M-73 & M-88 Compasses

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Operating Instructions
©York Survey Supply Centre 2010

Ref:.. \operat98\instructions 116020.qxp 18-01-11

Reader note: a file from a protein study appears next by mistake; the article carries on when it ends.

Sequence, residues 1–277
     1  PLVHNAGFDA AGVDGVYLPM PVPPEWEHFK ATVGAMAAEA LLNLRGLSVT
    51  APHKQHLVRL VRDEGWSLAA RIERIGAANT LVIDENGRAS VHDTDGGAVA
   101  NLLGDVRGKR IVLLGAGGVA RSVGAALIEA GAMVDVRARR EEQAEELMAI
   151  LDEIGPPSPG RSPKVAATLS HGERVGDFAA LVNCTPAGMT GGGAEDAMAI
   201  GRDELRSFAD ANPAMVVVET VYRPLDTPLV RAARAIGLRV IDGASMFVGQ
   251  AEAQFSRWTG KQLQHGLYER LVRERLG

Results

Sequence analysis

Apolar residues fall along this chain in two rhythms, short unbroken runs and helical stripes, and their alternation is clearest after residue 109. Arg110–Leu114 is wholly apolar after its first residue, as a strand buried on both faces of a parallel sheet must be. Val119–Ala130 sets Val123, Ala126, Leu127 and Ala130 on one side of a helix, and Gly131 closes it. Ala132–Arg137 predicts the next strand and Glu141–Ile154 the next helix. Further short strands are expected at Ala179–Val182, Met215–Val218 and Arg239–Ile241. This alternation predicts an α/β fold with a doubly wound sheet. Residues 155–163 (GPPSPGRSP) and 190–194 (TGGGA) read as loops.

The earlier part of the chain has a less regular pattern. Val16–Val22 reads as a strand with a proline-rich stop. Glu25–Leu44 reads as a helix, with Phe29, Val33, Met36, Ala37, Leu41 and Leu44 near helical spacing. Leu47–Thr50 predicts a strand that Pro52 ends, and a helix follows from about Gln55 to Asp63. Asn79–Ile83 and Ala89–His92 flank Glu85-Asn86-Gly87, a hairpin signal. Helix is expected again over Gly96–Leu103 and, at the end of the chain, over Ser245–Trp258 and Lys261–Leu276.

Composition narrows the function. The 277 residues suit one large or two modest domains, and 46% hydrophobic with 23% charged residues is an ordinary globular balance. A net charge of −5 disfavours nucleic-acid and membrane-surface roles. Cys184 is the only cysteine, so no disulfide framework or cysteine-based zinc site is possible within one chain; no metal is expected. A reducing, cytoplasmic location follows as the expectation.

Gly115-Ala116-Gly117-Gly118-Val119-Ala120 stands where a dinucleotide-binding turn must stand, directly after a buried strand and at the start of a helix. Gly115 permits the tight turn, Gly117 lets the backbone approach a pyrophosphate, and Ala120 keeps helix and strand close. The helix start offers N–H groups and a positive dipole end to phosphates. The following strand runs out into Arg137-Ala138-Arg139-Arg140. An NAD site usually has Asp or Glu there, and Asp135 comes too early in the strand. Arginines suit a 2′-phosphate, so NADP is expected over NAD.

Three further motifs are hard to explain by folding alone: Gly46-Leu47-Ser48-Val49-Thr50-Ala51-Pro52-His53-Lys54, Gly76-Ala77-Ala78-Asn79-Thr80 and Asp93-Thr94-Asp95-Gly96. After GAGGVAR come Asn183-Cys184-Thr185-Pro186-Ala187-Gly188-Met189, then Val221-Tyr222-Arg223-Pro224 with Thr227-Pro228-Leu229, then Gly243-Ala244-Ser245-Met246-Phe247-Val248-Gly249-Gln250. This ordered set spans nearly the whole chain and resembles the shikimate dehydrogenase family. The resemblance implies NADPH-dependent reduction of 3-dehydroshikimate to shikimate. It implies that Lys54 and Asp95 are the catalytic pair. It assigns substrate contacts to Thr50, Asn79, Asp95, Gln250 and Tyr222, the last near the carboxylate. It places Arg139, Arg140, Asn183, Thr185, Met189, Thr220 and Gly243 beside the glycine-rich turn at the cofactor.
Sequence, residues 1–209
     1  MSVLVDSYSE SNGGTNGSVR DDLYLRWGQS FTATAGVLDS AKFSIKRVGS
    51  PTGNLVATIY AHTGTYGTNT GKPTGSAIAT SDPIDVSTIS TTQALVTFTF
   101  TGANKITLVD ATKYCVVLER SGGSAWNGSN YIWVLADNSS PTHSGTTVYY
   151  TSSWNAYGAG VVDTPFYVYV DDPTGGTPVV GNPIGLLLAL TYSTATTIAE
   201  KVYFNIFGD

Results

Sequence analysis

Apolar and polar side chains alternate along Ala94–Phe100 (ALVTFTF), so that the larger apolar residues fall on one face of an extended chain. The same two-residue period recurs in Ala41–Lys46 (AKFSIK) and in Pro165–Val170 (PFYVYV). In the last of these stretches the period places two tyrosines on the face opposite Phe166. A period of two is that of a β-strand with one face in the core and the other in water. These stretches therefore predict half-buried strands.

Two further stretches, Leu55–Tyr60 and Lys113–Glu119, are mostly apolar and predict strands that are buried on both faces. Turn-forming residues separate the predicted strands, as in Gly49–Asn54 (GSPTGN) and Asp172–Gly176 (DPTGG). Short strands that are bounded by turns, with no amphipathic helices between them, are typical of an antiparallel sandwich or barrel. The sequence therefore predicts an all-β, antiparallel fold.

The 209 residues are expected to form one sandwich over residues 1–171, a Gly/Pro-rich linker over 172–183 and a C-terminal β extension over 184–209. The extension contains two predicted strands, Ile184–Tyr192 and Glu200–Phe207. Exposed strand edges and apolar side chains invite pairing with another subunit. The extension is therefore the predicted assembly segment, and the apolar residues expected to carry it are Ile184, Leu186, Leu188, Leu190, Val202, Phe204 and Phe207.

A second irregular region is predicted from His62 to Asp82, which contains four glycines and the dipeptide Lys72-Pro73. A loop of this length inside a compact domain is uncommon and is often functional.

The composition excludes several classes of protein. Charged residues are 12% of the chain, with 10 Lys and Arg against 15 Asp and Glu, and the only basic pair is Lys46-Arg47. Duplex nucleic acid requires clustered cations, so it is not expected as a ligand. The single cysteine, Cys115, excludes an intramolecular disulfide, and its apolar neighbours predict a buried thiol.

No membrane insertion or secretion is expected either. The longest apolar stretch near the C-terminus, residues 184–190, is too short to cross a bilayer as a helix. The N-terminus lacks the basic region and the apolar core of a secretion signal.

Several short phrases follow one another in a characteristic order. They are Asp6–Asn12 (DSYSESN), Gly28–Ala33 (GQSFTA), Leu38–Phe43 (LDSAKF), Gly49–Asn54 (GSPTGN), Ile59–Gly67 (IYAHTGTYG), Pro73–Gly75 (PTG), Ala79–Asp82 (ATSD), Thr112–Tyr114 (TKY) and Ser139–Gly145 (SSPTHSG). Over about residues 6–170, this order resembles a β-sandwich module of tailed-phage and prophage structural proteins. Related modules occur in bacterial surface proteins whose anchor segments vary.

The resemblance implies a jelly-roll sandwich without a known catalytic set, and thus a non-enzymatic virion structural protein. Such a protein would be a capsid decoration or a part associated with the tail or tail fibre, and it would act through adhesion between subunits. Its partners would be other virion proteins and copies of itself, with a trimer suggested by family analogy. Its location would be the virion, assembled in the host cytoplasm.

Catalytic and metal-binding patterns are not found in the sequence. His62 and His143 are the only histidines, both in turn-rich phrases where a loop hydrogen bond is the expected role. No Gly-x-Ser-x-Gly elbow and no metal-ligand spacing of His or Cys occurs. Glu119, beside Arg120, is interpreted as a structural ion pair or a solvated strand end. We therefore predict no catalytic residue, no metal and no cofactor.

it can be very difficult to follow a compass course accurately without a lot of practice. you will still be able to see the two luminous marks and keep them in line. The bezel glass itself is marked in graduations. and use the sight line axis of the compass to help you position the map so that it’s grid lines lie correctly North & South. flat surface. (b) Draw a line on the map from your present position to the object or point that is your objective. you can see that course on the compass bezel and use the compass to guide you in the right direction.. Magnetic bearings taken with the compass must always be converted to True before applying them to a map. always keep it level to avoid inaccuracies. and so on.. Lid tab Window sight line Taking Bearings from a Map Note: This procedure gives a True bearing. It is shock resistant. If converting from Magnetic to True. the number of degrees Variation should be subtracted if the Variation is to the East. particularly against the skyline. (c) To adjust the sighting prism focus your eyesight. (d) Slacken the bezel clamp (M-73 only) to allow free movement of the bezel. which may need to be converted to Magnetic before using it for other purposes. the easiest way to maintain a straight course is to pick out an object on the required bearing. Still looking through the prism. it is often possible to distinguish objects and features of the landscape at some distance. Given a direction that you wish to travel. Sight through the prism. (a) Open the lid until it stands up at right angles to the main body of the compass. or a bearing that you yourself have taken by sighting an object. When travelling at night. the bearing of the course you are going to follow must be converted to Magnetic before being applied to the compass bezel. Ensure that any ferrous metal objects. Index line Bezel Sighting prism Prism slide Thumb ring Bezel glass luminous mark Bezel clamp Compass card luminous mark Preparing the Compass for Use When using the compass.or the direction in which you wish to travel. and line up the object on which you are taking the bearing with the prism slit and the sight line marked on the lid window. (b) Lay the map on a level surface and orientate it correctly North and South as described under ‘taking bearings from a map’. Keeping the two luminous marks directly over one another. When you reach it. Correct Method of Sighting *GRADUATIONS IN MILS If your compass is graduated in mils rather than degrees. (a) The correct way to hold the compass for taking bearings is with your thumb through the large metal ring and the base of the compass resting on top of your closed fist. (c) Open the lid of the compass fully. A True bearing must always be converted to Magnetic before setting it on your compass. Taking Bearings on Distant Objects Note: this procedure gives a Magnetic bearing. and -20ºC (-4ºF) for the M-88. Open the lid fully so that it lies flat on the map. (e) Close to the hinge. that will mean making a slight adjustment to the bezel as explained under ‘Magnetic and True Bearings’ (see below). (a) First. their values must be converted to True. and built to withstand the roughest and toughest conditions you are likely to encounter anywhere in the world. such as a watch.M-73 & M-88 Compass This prismatic compass is built to full military specifications. (a) Lay your map on a level. hold the body of the compass in one hand and look through the sighting prism at the compass card graduations. which will reveal a luminous marker on the underside of the lid tab which can be used as a sight line instead. (c) Allow the card to settle. In the case of a bearing worked out from a map. push up at the base of the prism mount to raise the prism in it’s slide. continue raising it until you see the compass card numerals in focus through the prism (this slide is purposely stiff to prevent it moving inadvertently when the compass is in normal use). (c) Place the compass down on the map on the line you have drawn (with the sighting prism nearest to your present position). This figure is the required bearing of the target object from your present position . there are a few degrees difference between the position of the geographical North Pole and that of the Magnetic North Pole. set the known bearing by turning the compass bezel until the graduation on the bezel corresponding to that bearing coincides with the index line. Whichever graduation mark lines up with the sight line on the lid window. (d) The sight line axis of the compass then indicates the direction of the map which corresponds to the known bearing you began with. check your course more accurately by viewing through the sighting prism to confirm that you are still following the correct bearing. You can close the compass lid if you wish. To Follow a Heading Note: For this exercise. in temperatures from 55ºC (131ºF) down to -30ºC (-22ºF) for the M-73. each graduation represents approximately 20 mils. In such circumstances. A known bearing. about 2 inches (50mm) from your eye. to the limit of it’s movement so that the sighting slit is on top of the prism. that is the bearing you require. Magnetic and True Readings In most parts of the world. then obviously these adjustments should be made in the opposite directions. etc. The lid should therefore be laid back almost to the horizontal. (b) Hold the compass level. (2) To travel in the desired direction. Rotate the bezel until it’s luminous mark coincides with the luminous North pointer marked on the compass card. To convert a True bearing to Magnetic. you will see an ‘index line’ marked on a luminous patch under the bezel glass. When sighting through the prism at night. Before proceeding. Ref:. knife. and advance directly towards it. can be transferred onto a map using a procedure that is almost exactly the reverse of that described for taking bearings from a map. open the lid right back and hold the compass so that the luminous marks on the bezel and the compass card are directly over one another. the sight line on the lid window will almost certainly not be visible. Read off the bearing on the bezel glass that is now directly over this index line. otherwise they too will cause errors. (b) Turn the sighting prism fully over. whether it is supplied to you or one that you have calculated from a map as explained. Using the Compass at Night The compass contains Tritium light sources to enable it to be used in complete darkness without the aid of artificial light. pick out another object. \operat98\instructions 116020. The axis of the compass is then the direction in which you should proceed. which may need to be converted to a True bearing before using it for other purposes. place the compass down on the map with the prism end over your present position. (3) From time to time. In all workings with a compass it must be taken into account. With your free thumb. This is known as Magnetic Variation. tighten the bezel clamp to lock the bezel if you wish. Re-tighten the bezel clamp to lock the bezel if you wish. either from a map as already described or in the case of a known bearing (which must be Magnetic) simply turn the bezel until the graduation on the bezel corresponding to that bearing coincides with the index line. Each graduation on this outer ring represents one degree*. However. you will see that the sight line on the lid window appears superimpose on the graduations visible on the outer ring of the compass card. are kept well away from the compass. Applying Known Bearings to a Map Note: Before carrying out the following procedure to apply bearings to a map. and added if it is to the West. then align the axis of the compass in line with the line you’ve already drawn to your objective.qxp 18-01-11 ©York Survey Supply Centre 2007 . It will operate with precision accuracy to within half a degree. (1) First set the bezel for the direction you wish to travel.